The BC Smoking Cessation Program helps eligible B.C. residents stop smoking or using other tobacco products by assisting with the cost of smoking cessation prescription drugs or nicotine replacement therapy (NRT) products. For more information about the program, including how to get started, visit BC Smoking Cessation Program. For information about the health risks from smoking, tips on how to quit, an overview of smoking cessation aids, and more, see our Quit Smoking health feature. For more tools and resources to help you quit smoking and remain smoke-free, visit Quit Now.
A nicotine inhaler looks like a cigarette. It has a cartridge that contains nicotine. You inhale, and nicotine vapour is absorbed into your mouth and throat area. You don't absorb the nicotine into your lungs like you do with a cigarette. As a result, you don't get the same "hit" of nicotine as with smoking.
Nicotine inhalers are available without a prescription.
You may find a nicotine inhaler helpful if you have trouble breaking free from smoking rituals, such as pulling a cigarette out of the pack, lighting it, putting it in your mouth, and inhaling.
The inhaler does not deliver nicotine as rapidly as a cigarette. The risk of addiction, or of transferring your nicotine habit from cigarettes to the inhaler, is low.
How to use a nicotine inhaler
Do not begin to use an inhaler until you have stopped smoking.
A nicotine inhaler kit comes with a nicotine inhaler and cartridges containing nicotine. You place a cartridge into the inhaler and pierce the cartridge to release the nicotine.
When you feel the urge to smoke, hold the inhaler between your fingers and draw on it as you would a cigarette. It takes many more puffs to get an effect, about 3 to 4 times more puffs than when you smoke a cigarette.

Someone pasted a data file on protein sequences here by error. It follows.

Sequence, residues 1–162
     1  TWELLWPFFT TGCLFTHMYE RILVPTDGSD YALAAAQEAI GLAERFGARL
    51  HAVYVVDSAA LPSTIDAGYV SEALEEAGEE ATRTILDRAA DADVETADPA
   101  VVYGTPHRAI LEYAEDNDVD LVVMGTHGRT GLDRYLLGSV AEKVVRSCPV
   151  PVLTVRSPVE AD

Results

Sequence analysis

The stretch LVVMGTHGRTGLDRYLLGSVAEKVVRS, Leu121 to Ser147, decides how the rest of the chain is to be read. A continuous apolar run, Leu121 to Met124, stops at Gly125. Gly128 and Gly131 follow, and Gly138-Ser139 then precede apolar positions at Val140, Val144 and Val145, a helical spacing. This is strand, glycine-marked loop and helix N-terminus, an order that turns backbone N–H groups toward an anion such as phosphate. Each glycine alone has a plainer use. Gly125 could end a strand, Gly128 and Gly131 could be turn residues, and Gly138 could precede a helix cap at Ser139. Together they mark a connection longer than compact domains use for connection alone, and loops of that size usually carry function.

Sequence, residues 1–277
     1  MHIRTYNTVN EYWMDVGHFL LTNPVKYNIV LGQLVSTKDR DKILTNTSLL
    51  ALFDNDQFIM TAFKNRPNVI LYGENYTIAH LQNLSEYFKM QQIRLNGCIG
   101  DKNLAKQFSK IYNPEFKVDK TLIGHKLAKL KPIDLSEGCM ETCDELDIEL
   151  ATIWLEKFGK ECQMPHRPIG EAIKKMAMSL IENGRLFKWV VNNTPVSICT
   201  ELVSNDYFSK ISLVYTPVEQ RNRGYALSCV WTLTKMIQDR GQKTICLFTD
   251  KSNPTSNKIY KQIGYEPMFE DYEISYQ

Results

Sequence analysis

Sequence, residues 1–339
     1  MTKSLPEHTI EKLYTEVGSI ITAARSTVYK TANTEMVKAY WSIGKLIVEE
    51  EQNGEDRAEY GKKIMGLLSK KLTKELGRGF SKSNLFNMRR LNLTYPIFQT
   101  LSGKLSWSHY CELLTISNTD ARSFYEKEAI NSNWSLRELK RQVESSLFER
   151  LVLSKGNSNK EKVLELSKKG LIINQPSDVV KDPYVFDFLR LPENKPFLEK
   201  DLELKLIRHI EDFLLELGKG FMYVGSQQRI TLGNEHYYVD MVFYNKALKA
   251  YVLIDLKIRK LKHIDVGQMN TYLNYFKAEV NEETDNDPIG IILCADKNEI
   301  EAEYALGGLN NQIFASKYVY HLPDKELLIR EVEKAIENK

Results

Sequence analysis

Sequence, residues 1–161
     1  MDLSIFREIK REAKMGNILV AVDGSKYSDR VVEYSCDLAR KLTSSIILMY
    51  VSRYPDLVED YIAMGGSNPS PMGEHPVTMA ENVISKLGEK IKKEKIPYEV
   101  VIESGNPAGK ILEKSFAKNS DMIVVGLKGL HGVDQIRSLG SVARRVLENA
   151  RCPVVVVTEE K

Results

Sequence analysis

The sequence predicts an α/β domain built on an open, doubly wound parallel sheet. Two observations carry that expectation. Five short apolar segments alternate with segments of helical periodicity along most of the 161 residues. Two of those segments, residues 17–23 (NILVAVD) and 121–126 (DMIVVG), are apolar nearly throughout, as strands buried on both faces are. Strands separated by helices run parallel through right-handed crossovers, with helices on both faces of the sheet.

Replace the cartridge after about 20 minutes of active puffing. Puffing on the inhaler for 5 minutes at a time will give you enough nicotine for four uses before the cartridge is empty.
Dispose of empty nicotine cartridges carefully. An empty cartridge still contains enough nicotine to make a child or pet very sick.
Clean the mouthpiece regularly with soap and water.
Do not use a nicotine inhaler for more than 6 months.
Other important guidelines for using an inhaler
Use the nicotine inhaler longer and more often at first. In a few days you will find what works best for you.
Most people use 6 to 10 cartridges a day. Your doctor may adjust the number of inhaler cartridges you get during the first weeks. Do not use more than 16 cartridges each day unless your doctor tells you to do so.
As your body adjusts to not smoking, your doctor will tell you either to stop using the inhaler or to slowly reduce the dose.
Inhalers are usually used for about 12 weeks and then use is slowly decreased (tapered off).
Avoid drinking beverages, especially acidic ones (such as coffee, juices, and soda pop), for 15 minutes before and after you use the inhaler.
The inhaler does not work properly in temperatures below 10°C (50°F), so it may not be a good choice if you plan to use it outside during winter months in a cold climate.
It is possible to become dependent on the nicotine inhaler, but this is rare.
There are side effects from using the nicotine inhaler. Read the package insert before you use an inhaler.
Author: Healthwise Staff Medical Review: Adam Husney MD - Family Medicine Brian D. O'Brien MD - Internal Medicine Kathleen Romito MD - Family Medicine John Hughes MD - Psychiatry Michael F. Bierer MD - Internal Medicine, Addiction Medicine
Medical Review:Adam Husney MD - Family Medicine & Brian D. O'Brien MD - Internal Medicine & Kathleen Romito MD - Family Medicine & John Hughes MD - Psychiatry & Michael F. Bierer MD - Internal Medicine, Addiction Medicine
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